When you do get scammed, here are a three pieces of advice:
1. Move on. Don’t stew on it, just move it. Salvage what you can (and take the tax write off).
2. Warn everyone you know. If you were scammed by somebody or something, you have a moral duty to warn everyone you know. If it was a person, you have the duty to tell the authorities and to do everything possible to significantly reduce the scammer’s reputation so that they are not in a position to scam others again. Just walking away is immoral (in my opinion) because it means the number of victims will increase.
3. Never, ever, interact with this person again. “Fool me once, shame on you. Fool me twice, shame on me.” If you are scammed by a person, never let them back into your life for any reason ever again. Yes, people do change and people do get reformed … but the psychological impact of getting scammed twice is too great to take the risk. That does not mean you cannot eventually forgive the scammer. You can forgive (I have tried, and failed, to forgive). But even if you forgive, it does not mean you need to interact with the person.
What is the rate that scams should take place in society?
Maybe a better question is what is the ideal rate of corruption in society? What is the crime rate? It is not zero. Zero would require the panopticon looking over you and watching your every move.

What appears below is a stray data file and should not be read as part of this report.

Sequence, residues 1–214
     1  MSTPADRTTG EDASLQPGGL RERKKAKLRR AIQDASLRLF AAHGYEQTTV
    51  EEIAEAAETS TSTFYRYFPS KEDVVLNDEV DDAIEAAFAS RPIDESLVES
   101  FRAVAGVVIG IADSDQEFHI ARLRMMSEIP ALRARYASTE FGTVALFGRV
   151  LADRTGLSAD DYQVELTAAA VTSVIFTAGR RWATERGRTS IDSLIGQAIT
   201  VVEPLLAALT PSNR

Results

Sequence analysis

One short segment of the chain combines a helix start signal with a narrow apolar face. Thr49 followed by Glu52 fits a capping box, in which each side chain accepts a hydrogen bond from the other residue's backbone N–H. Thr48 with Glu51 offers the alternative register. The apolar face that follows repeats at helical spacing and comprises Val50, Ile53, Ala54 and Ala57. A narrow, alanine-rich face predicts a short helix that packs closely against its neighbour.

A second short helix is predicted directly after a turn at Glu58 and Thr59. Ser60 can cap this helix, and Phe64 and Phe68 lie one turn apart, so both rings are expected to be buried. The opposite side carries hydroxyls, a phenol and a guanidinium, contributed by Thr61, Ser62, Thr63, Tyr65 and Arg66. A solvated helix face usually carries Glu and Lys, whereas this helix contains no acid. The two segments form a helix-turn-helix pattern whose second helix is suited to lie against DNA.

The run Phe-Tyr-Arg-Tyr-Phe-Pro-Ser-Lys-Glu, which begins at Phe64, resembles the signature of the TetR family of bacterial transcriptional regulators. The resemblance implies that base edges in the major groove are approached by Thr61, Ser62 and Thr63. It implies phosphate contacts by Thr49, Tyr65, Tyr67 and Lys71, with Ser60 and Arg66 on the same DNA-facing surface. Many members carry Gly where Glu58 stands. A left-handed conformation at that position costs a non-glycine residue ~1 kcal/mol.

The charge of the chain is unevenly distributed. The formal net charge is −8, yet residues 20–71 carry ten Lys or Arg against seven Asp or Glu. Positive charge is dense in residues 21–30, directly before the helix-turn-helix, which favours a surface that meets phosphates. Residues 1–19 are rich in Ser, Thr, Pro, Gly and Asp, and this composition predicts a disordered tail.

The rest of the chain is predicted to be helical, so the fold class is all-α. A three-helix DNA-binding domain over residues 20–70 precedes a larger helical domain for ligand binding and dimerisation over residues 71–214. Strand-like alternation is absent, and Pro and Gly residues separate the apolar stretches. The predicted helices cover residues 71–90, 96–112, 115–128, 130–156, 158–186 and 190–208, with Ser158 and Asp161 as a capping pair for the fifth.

Again, likely an ideal society scam rate is in the 1-3% range. Where 1-3% of your interactions are scams. Most taxi rides are above-board. But a few taxi drivers are figuratively going to take you for a ride. If you are taking a taxi in Beirut, the number might be more like 80% which can be incredibly frustrating as every ride becomes and a negotiation. If it is closer to 1% (or maybe as high as 5%), then you can be more relaxed.
Certain industries are more likely going to take people for a ride than others. Those industries are generally ones where there are highly unscrupulous people that go into them (illegal drug dealers) or ones that have high information asymmetry (healthcare, construction, etc.).
What do you do if the decision IS really important?
What do you do if you or a loved one get a serious disease? You don’t want to be scammed by the system. This is the case that makes sense for you to do lots of research on every provider. Don’t just take someone’s recommendation. Do lots of reference checks on people. Ask very probing questions. If you can afford it, hire a private investigator. If you can afford it, hire an advocate.
Anyone that has actually gone through life accepting a scam rate has saved up thousands of hours over the years. This is your chance to deploy those time savings to make sure you make the right decision.
Summation: have an internal base rate that you want to be scammed.